Lecture #6 Questioning Material Culture

Sylwia Ulicka, a designer from Puebla, explains that there have to be global actions to save our ecosystem because the regulations that are in place now are not sufficient. Millennium goals were not accomplished. There are three major aspects that need to be considered when it comes to sustainable development: the ecological, economical and social dimensions. This is called the triangle model of sustainable development. It aims to maximize economic gain while minimizing or eliminating environmental and social damage. I think the triangle model of sustainable development is helpful and can be used to save our ecosystem in the future if we use it properly.

The eco-efficiency approach comprises three main principles: reduce, reuse and recycle. We’ve convinced ourselves that these principles (and new technologies) help us to be more eco-friendly, but this is not always the case. Carbon dioxide emissions continued to grow and increase by almost 60% between 1970 and 2010 while global biodiversity decreased by 30% between 1970 and 2008. The growth of the population and the increase in consumption are the two main causes of this loss.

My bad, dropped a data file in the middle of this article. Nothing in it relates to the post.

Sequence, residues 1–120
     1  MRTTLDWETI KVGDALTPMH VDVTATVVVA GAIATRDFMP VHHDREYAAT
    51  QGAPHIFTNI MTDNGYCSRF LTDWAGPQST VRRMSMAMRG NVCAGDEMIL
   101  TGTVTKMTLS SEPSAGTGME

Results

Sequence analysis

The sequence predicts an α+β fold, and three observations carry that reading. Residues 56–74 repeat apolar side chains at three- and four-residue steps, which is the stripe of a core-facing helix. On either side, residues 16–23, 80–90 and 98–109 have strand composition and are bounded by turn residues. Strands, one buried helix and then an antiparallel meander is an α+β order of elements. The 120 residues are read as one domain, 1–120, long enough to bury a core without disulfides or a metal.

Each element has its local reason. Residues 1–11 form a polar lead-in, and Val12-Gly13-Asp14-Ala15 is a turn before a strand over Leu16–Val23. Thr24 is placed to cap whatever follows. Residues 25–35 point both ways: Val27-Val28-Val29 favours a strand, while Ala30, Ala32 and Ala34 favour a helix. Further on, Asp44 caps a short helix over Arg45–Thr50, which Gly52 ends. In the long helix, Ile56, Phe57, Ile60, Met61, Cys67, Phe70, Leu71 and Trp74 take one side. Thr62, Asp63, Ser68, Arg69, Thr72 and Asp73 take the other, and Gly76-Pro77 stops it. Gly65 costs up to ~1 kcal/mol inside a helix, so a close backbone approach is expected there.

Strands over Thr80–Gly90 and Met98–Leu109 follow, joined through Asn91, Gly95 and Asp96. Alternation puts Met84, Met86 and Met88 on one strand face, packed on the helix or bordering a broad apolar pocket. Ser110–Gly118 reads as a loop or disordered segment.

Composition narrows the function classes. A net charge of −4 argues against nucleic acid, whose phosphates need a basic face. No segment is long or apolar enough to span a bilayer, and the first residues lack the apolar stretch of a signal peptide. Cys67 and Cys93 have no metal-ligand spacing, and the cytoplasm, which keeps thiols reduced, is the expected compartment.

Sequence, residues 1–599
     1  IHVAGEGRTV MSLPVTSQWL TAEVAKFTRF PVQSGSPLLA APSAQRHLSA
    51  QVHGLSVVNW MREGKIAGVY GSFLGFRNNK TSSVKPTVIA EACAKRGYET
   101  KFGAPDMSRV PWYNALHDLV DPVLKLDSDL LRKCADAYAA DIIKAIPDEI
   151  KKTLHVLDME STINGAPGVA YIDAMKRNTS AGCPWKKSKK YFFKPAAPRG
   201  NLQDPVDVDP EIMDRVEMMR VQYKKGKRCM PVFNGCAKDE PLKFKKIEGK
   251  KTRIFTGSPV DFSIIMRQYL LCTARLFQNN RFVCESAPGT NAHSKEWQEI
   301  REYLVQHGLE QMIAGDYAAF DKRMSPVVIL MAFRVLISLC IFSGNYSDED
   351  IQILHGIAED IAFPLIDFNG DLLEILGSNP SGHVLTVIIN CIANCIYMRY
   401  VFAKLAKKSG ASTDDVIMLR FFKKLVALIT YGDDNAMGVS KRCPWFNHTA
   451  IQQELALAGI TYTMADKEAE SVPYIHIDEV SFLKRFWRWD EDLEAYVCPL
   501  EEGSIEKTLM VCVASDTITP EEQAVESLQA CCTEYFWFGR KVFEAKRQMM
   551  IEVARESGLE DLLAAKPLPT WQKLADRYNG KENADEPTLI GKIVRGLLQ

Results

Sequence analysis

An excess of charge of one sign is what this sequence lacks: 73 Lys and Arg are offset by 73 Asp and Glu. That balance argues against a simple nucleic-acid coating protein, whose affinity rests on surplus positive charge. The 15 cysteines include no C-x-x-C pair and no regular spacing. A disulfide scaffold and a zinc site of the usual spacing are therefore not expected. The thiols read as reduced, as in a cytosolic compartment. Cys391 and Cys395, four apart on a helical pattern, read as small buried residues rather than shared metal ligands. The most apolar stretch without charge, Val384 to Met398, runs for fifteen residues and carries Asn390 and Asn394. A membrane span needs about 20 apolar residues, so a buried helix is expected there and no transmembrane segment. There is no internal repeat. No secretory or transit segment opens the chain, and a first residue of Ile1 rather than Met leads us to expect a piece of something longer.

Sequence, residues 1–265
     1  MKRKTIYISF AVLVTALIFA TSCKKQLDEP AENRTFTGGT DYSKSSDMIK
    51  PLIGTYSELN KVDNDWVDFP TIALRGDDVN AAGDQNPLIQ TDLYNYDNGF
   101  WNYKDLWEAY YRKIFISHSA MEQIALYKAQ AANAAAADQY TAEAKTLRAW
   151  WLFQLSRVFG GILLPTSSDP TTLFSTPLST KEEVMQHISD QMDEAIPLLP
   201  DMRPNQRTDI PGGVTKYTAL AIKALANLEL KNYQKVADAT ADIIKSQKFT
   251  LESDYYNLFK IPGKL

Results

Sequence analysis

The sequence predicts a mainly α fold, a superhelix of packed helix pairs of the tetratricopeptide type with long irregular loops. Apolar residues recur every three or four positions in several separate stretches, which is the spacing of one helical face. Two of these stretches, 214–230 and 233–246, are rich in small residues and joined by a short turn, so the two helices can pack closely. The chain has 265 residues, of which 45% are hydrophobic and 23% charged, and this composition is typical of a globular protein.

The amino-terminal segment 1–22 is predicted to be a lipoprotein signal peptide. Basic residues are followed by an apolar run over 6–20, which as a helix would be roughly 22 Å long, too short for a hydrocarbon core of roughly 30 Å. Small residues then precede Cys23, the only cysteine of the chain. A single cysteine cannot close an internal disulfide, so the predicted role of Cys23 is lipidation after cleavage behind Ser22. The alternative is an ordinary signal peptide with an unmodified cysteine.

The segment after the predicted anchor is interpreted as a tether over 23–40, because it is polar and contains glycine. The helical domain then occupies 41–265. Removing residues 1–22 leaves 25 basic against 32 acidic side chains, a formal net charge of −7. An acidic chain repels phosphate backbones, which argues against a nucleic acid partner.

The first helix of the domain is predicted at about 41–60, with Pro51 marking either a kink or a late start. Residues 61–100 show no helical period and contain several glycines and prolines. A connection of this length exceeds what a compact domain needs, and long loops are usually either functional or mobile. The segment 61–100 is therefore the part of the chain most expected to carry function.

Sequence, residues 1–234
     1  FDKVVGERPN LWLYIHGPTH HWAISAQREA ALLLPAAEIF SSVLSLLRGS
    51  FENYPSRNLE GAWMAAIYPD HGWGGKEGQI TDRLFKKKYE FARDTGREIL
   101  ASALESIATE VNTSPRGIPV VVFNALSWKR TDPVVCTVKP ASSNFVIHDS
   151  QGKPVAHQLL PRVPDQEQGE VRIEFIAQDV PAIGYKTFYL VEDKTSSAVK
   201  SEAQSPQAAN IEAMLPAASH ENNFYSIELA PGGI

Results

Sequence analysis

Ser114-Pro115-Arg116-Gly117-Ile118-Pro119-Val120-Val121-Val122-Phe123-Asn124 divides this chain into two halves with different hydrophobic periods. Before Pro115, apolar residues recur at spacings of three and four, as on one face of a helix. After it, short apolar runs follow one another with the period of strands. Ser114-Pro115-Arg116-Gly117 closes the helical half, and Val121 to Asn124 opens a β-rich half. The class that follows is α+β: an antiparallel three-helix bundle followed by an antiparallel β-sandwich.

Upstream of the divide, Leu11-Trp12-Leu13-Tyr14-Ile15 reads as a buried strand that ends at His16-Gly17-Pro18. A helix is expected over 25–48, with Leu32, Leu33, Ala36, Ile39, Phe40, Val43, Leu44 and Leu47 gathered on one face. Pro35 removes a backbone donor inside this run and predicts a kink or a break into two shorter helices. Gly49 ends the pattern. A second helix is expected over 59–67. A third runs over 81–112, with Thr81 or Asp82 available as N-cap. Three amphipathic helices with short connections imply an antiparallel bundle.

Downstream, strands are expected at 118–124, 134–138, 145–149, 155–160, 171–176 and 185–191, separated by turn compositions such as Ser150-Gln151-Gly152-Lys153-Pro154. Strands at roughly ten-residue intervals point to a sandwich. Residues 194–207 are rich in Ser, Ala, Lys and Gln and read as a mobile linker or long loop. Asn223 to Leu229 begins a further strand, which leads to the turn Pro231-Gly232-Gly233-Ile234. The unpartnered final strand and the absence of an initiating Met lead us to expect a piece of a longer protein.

In his book, Alastair Fuad-Luke describes three types of design that typically play out at three levels. At the first level, there are social design or user-centred design. At the second level are gender design and design for social innovation. These first two levels are usually economically viable. Third level designs are speculative design or radical design, which are outside of the paradigm. Walker S. proposes that for a candle holder you could just use a potato and a fork, but this is not aesthetically pleasing to us, so we have designed candle holders. Design is not only a problem-solving activity. Personally, I agree that aesthetics are just as important as functionality. A product can work perfectly, but not look appealing and therefore nobody wants it. 

Sylwia Ulicka has worked with students on objects of discomfort and describes them as being radical, critical and speculative. We cannot talk about sustainable design without questioning the status quo. (www.objetosincomodos.com) I found the project “casa de campagna” especially interesting. In 2019 there was an earthquake in Mexico with a magnitude of 8.2, which destroyed thousands of homes. There was a proposal to help with the reconstruction of the most damaged estates by donating about 20% of the campaign budget, but this, unfortunately, did not happen. Therefore, students decided to make a tent out of posters of the campaign.